The massive earthquake that rumbled through Haiti on Jan. 12 left the capital city of Port-au-Prince buried underneath piles and piles of debris, twisted metal, fallen trees and shattered concrete — and underneath that, countless human survivors clinging desperately to the last remnants of life.
Often, the first sign of hope survivors hear in the wreckage is the sound of a dog barking and pawing through the rubble.
Many of the search and rescue dogs dispatched in the wake of disasters such as the Haiti quake are trained by The Search Dog Rescue Foundation, a nonprofit based in Ojai. The organization trains dog rescue teams to find survivors in the wake of disasters — everything from earthquakes and hurricanes to terrorist attacks and train wrecks.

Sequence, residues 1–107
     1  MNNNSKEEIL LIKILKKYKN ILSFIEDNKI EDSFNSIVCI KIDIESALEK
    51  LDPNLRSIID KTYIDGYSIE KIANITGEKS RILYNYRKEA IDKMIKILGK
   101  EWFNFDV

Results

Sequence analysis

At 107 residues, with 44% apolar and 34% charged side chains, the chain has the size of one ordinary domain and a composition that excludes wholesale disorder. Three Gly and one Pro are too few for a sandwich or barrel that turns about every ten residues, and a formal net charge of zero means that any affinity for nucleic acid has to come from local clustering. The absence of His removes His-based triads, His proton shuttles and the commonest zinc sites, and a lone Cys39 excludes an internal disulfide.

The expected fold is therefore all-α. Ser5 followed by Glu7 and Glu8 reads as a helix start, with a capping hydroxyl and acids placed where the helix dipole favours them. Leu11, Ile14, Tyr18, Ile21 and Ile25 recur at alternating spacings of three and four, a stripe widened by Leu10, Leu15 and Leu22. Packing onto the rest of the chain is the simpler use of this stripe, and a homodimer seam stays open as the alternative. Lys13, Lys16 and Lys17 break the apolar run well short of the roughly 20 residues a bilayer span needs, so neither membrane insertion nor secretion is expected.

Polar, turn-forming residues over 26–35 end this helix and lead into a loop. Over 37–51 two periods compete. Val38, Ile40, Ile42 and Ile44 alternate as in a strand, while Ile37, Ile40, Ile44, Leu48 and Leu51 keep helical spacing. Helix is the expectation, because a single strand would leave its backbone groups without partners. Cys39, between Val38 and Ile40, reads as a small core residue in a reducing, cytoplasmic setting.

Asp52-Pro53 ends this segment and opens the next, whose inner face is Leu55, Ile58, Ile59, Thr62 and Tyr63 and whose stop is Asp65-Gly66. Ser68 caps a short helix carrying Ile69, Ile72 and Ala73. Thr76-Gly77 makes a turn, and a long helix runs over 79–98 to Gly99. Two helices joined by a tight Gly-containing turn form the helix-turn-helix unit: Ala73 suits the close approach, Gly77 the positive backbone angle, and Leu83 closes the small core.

When initial reports of the earthquake came in, the foundation’s search teams were immediately called to action. Dog-and-handler teams from Los Angeles were airlifted onto the Caribbean island on a military cargo plane as part of a 72-member California rescue task force.